VMware provides the High-Performance Plug-in (HPP) to improve the performance of ultra-fast local flash devices on your ESXi host.

The HPP replaces the NMP for high-speed devices, such as NVMe PCIe flash, installed on your host.

The HPP uses a direct I/O submission model, also called fast path, and does not require SATPs or PSPs. The plug-in directly submits I/Os to the local device using one path. Only single-pathed devices are supported.

The HPP is included with vSphere. The direct submission APIs can also be included in the multipathing plug-ins (MPPs) that third parties provide.

Any standalone ESXi hosts that require faster storage performance can benefit from the HPP.

HPP Requirements

The HPP requires the following infrastructure.
  • You use vSphere 6.7 or later.
  • Your ESXi host uses high-speed local flash devices for storage.

HPP Limitations

HPP does not support the following items that NMP typically supports.
  • Multipathing. The HPP claims the first path to a device and rejects the rest of the paths.
  • Second-level plug-ins, such as PSP and SATP.
  • SCSI-3 persistent reservations or any shared devices.
  • 4Kn devices with software emulation. You cannot use the HPP to claim these devices.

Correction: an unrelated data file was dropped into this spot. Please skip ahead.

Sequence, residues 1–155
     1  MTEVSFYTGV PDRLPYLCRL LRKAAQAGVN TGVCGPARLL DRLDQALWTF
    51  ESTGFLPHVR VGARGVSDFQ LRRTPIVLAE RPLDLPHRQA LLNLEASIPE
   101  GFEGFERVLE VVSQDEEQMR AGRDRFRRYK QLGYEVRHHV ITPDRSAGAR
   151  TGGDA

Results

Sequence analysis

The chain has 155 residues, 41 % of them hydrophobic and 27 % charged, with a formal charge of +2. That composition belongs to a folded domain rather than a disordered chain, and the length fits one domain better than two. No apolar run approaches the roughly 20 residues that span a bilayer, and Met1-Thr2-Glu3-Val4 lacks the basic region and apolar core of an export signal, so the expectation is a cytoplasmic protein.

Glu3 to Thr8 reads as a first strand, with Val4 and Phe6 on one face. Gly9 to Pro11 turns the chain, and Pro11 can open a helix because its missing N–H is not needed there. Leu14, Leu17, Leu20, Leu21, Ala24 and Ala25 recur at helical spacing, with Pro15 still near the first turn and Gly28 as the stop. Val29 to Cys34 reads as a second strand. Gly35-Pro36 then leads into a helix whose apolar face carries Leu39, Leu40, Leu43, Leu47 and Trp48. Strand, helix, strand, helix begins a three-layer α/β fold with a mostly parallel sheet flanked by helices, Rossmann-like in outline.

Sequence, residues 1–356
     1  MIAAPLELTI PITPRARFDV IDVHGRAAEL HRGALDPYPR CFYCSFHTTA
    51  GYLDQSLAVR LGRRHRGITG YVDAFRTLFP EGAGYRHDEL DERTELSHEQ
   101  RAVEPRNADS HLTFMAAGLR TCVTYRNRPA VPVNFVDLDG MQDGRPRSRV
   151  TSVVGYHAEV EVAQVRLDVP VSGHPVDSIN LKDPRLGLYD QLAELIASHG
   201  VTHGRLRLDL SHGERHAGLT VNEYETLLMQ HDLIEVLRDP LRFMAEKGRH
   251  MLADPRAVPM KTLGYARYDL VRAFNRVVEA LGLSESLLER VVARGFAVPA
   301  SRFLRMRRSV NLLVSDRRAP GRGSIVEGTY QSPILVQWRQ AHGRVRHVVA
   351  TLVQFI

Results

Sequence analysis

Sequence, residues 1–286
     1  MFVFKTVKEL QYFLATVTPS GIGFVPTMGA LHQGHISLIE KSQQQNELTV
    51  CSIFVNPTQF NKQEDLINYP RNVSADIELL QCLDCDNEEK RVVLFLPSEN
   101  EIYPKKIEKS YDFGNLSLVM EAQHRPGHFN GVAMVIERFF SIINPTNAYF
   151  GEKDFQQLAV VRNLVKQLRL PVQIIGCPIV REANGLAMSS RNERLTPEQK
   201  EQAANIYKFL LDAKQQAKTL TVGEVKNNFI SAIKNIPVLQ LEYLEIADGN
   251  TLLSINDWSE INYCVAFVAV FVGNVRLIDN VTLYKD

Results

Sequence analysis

vSAN does not support HPP.

HPP Best Practices

To achieve the fastest throughput from a high-speed storage device, follow these recommendations.

  • Use the vSphere version that supports the HPP, such as vSphere 6.7 or later.
  • Use the HPP for high-speed local flash devices.
  • Do not activate the HPP for HDDs, slower flash devices, or remote storage. The HPP is not expected to provide any performance benefits with devices incapable of at least 200 000 IOPS.
  • Because ESXi is not expected to provide built-in claim rules for the HPP, enable the HPP using the esxcli command.
  • Configure your VMs to use VMware Paravirtual controllers. See the vSphere Virtual Machine Administration documentation.
  • Set the latency sensitive threshold.
  • If a single VM drives a significant share of the device's I/O workload, consider spreading the I/O across multiple virtual disks. Attach the disks to separate virtual controllers in the VM.

    Otherwise, I/O throughput might be limited due to saturation of the CPU core responsible for processing I/Os on a particular virtual storage controller.

For information about device identifiers for NVMe devices that support only NGUID ID format, see NVMe Devices with NGUID Device Identifiers.